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In this true "Kingdom of Women", the female presence is visible, unavoidable even. In Shillong, they are everywhere on the front lines: in banks, schools and even in parliament.
They are the ones who sell meat or cigarettes behind tiny street stalls, and the ones who sell vegetables or fruit on the side of the road. Men most often meet each other playing cards or rocking a baby while accompanying another child to school.
But this ancestral model of society could well falter: among the Khasi, men are not necessarily satisfied with their fate and have begun to rebel.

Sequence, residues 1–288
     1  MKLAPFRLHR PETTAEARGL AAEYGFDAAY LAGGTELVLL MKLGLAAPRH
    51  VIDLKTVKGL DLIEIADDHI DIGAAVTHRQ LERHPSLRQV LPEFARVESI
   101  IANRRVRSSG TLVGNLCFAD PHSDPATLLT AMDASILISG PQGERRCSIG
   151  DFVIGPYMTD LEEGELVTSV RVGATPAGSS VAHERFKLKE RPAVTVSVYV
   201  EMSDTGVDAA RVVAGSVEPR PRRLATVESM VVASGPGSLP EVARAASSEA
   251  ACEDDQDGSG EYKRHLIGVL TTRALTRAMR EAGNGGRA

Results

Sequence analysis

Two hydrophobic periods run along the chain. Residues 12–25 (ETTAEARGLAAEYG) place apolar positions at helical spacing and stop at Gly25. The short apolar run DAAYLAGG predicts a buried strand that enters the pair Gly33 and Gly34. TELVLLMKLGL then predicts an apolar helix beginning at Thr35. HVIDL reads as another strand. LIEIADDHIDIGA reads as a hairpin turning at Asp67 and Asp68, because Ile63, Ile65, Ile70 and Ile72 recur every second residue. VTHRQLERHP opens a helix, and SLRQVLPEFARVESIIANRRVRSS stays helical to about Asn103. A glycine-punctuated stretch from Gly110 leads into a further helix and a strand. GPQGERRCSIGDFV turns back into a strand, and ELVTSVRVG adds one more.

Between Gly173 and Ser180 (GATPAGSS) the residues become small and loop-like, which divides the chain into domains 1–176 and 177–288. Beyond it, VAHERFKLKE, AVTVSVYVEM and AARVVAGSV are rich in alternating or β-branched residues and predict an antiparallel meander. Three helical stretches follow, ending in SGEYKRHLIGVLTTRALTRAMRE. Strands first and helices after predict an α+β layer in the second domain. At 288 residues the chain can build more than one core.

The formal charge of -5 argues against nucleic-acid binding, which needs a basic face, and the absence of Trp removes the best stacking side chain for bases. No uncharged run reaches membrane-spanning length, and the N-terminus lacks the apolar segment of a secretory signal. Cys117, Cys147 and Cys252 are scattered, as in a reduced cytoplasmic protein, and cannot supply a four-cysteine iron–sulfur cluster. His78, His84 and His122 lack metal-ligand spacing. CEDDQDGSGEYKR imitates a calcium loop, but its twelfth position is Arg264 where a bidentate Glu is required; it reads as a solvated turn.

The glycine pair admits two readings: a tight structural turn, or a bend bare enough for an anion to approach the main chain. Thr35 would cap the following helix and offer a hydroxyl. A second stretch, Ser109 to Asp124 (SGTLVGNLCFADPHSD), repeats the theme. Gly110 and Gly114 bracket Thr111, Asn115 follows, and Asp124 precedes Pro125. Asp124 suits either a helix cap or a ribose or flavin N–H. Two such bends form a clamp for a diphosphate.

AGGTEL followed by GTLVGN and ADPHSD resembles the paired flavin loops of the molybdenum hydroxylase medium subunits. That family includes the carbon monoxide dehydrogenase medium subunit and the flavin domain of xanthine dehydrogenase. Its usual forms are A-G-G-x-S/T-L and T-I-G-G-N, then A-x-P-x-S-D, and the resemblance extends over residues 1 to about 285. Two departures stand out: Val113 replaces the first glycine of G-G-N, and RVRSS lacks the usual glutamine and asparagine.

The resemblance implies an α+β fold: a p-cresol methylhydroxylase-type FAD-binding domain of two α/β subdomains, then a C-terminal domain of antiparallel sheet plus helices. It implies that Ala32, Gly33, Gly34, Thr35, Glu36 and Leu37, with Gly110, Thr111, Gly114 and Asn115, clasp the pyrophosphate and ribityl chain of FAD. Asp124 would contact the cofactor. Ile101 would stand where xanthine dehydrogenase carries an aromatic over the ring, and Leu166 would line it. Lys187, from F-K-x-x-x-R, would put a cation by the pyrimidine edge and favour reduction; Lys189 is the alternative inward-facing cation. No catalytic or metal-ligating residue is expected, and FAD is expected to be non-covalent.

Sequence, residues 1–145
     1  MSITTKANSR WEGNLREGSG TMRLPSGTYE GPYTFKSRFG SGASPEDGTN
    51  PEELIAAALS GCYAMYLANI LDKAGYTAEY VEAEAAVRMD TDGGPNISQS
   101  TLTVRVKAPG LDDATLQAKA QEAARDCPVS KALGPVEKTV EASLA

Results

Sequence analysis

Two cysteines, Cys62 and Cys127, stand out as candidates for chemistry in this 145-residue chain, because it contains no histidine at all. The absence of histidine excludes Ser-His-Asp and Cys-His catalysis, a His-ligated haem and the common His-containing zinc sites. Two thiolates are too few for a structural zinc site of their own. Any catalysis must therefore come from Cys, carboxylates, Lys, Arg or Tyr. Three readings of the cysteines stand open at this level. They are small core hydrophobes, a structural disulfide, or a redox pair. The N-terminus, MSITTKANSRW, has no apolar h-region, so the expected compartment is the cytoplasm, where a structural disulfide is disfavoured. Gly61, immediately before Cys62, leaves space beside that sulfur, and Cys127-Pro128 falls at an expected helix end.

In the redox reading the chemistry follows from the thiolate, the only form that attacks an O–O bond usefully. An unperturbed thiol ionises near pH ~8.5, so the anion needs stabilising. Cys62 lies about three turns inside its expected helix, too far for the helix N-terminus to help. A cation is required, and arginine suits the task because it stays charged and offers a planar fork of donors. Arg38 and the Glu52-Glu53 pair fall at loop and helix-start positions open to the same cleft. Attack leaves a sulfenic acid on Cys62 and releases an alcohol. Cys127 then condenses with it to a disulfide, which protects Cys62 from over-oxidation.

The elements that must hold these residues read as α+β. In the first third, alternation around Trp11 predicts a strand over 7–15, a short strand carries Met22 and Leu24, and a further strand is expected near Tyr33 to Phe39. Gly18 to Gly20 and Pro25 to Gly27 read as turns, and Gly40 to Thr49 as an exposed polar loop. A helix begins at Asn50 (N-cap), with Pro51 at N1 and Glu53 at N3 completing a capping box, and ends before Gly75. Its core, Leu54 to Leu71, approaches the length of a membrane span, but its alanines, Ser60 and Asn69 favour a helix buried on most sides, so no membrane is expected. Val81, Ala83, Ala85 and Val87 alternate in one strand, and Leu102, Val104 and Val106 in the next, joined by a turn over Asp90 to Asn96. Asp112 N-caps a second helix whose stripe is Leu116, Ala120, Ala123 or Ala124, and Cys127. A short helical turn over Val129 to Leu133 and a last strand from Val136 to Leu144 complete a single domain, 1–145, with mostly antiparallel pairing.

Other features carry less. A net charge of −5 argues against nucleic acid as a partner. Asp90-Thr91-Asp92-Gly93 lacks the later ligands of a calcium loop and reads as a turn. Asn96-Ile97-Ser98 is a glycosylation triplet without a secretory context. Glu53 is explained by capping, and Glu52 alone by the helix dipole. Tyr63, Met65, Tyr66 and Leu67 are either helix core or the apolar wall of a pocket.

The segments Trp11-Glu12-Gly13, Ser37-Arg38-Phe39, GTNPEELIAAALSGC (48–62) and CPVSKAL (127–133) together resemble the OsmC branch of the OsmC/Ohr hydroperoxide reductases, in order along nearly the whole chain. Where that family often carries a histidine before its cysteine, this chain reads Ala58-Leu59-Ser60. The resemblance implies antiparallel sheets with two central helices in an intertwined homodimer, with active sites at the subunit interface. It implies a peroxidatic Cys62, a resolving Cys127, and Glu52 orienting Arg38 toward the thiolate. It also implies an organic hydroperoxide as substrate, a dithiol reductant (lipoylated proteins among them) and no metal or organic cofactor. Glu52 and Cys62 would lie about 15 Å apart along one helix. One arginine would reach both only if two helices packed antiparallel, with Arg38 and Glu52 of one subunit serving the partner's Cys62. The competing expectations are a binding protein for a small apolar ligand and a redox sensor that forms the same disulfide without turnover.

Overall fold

A movement for the liberation of men was launched a few years ago – it is called Symbai Rimbai Tong Hai. It demands property rights for male children and a greater role for men in the family. “We find it unfair that women have all the power and we have none. We have no role to play except to feed our babies and change their diapers. I have friends who were so frustrated that they started drinking and taking drugs. We want to feel useful to society. After all, we have rights too”; some men in the community are now protesting.
Will the Khasi, this rare bastion of women's power in India, resist this surge in activism?